Rahim Jung – Wahed’s Personality Of The Week

 

We sat with Rahim Jung, who is recognized as a renowned tv presenter on Islam Channel, filmmaker, fundraiser, broadcaster and has presented a variety of shows such as “Footsteps of Ibrahim”.

Read his story below to learn about how he started his career in media and built a very strong and admirable reputation in his direct community and the UK at large.

Rahim’s story

On his journey in media

My first job in media started in 1990 and I took a job at a very famous promotions company for free. I was working full time and even on weekends at times. I learned everything about the industry and made many contacts and met many people and actually from that I moved on to work for one of the most famous world record companies in the world. My job at the world record company was to install record promotions where I would drive around London to radio stations and try to convince radio stations to play some records.

On his role as an activist

There are many causes that I do care about, in fact, I went to both Lebanon and Jordan and worked with the Syrian refugees out there, and the conditions were appalling there. I would say that the cause that I get involved in the most is the Palestinian cause when it comes to actually lobby and marching and encouraging others to march and speak about it, it’s just a sheer injustice, the Palestinian cause has been manipulated by the mainstream media, also my wife is very passionate about it- we are always marching here and there and waving big banners.

On his latest work and advice to young Muslims

I am not actively working on anything at the moment, I have a few things in the pipeline which will be starting soon. The work I enjoyed the most would be the series that I worked on with Islam Channel called “Footsteps of Ibrahim” where we went around various sites in Makkah and Madina and it was very nice because we were chaperoned by the Saudi Arabian government and they were very generous to give us access to places which are restricted to the public such as going inside the media centre, national radio, and tv station to see the way they work. We also went underground in the Haram and Madina, just being able to do that and being able to communicate and share with people around the two places that are so loved was an honour and privilege to me.  I filmed this six years ago and just yesterday this random stranger came up to me and said I watched your film in Madina and I enjoyed it so much.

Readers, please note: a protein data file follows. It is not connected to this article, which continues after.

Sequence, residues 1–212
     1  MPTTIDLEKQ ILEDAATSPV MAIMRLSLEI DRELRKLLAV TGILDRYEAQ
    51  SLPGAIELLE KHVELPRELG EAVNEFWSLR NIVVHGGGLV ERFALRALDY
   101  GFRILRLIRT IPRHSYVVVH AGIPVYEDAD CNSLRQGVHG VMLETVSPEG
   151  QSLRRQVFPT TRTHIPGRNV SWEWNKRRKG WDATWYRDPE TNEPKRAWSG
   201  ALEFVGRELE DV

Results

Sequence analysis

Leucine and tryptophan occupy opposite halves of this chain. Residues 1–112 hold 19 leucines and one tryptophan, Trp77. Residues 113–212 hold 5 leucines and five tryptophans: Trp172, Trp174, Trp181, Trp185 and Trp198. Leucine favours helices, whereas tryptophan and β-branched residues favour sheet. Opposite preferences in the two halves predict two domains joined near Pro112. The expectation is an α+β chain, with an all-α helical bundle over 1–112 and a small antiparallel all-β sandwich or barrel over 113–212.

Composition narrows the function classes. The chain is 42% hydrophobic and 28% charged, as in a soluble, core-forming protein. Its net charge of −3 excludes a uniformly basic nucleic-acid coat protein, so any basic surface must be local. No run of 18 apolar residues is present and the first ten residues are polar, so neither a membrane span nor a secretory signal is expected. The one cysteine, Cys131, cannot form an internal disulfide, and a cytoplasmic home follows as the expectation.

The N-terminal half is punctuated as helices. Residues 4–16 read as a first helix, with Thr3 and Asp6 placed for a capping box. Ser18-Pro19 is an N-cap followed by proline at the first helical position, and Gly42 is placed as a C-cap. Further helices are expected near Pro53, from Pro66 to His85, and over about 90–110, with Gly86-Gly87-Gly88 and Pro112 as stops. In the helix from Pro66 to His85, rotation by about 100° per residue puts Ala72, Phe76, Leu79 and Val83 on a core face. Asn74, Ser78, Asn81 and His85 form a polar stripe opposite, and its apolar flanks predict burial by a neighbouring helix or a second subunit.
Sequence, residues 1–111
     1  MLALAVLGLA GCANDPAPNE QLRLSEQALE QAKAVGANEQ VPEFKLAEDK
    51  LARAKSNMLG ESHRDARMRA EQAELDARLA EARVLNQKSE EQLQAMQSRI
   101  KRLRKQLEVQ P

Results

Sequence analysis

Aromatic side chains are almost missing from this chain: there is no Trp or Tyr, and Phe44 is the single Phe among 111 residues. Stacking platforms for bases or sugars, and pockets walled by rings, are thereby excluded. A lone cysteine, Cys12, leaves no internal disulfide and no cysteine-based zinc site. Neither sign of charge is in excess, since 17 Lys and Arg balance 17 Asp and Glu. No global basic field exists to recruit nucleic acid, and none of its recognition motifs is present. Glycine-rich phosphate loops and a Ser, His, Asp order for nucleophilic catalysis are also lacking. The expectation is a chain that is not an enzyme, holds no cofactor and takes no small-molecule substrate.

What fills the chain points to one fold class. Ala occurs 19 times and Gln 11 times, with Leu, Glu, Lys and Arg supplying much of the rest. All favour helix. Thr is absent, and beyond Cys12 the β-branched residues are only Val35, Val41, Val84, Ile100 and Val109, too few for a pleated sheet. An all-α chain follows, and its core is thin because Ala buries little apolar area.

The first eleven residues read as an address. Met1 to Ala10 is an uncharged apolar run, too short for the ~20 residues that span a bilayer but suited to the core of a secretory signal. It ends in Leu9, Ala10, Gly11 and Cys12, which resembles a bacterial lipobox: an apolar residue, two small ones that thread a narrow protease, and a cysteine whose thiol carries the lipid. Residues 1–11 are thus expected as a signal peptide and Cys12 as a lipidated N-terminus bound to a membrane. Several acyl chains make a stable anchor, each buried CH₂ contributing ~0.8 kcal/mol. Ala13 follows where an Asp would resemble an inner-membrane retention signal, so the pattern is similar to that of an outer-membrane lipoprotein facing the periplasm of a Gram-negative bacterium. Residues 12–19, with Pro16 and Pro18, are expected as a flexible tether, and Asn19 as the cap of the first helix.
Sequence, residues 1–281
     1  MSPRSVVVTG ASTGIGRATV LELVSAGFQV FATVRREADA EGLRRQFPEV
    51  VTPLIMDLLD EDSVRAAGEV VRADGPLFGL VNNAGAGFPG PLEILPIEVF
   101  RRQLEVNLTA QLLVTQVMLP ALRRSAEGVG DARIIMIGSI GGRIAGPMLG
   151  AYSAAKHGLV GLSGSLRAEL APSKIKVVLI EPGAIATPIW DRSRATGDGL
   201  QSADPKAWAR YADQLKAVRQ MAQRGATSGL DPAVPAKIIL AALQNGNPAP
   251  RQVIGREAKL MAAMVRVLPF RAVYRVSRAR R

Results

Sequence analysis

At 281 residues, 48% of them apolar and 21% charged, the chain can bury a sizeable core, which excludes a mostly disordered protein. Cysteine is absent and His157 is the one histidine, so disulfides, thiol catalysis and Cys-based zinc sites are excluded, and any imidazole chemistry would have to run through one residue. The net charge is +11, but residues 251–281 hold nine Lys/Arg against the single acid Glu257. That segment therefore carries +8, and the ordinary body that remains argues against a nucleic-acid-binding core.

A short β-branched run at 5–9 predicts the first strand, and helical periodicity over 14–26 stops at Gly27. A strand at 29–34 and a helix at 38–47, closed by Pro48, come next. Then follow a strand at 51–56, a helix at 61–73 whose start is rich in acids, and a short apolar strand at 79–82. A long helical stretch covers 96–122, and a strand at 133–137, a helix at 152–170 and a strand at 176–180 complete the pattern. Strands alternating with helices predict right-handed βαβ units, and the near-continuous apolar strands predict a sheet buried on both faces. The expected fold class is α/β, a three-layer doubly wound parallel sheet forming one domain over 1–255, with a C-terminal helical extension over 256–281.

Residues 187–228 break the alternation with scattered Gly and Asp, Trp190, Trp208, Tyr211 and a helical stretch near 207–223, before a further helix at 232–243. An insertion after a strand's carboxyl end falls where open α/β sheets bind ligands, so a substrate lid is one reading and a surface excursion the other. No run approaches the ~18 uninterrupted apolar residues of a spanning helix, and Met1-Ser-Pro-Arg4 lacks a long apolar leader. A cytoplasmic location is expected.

My advice to young Muslims would be to be ambitious and work hard and eventually great things will happen. I think when you’re young you should find something that you are passionate about and one that you are good at, and keep working and doors will start to open inshAllah.  You might not reach your ultimate goal for 5 years, and it might not even happen for 10 years but if you keep going at it, it will happen, it starts developing as you get older you start to build your network you start to see things opening up in front of you , and alhamdulillah it becomes much easier.

On saving for the future

I got married at 24, and by 26 I had my first child and three children by 28 years old and what I have done always was live within my means. I don’t take a lot of credit, I don’t buy things very slowly over long periods of time, If I know I have a thousand pounds coming in a certain month I certainly budget my month around how much I will be making.  When I was married with my three sons, my wife and I were living in a one bedroom flat, and you know what I was totally happy back then , and now that I live in a 6 bedroom house now I’m not happier now, I am totally happy in that flat just as I am happy now living in my bigger home, because we lived within our means. If we go on holiday, we don’t go on holiday which would require us to pay for it for the year, instead of buying the most expensive holiday and paying for it over the year- we used to go on local holidays where we were able to have a brilliant one. Even in our lifestyles and eating habits we also spend within our means. Happiness doesn’t come from how much we spend, but rather from contentment.

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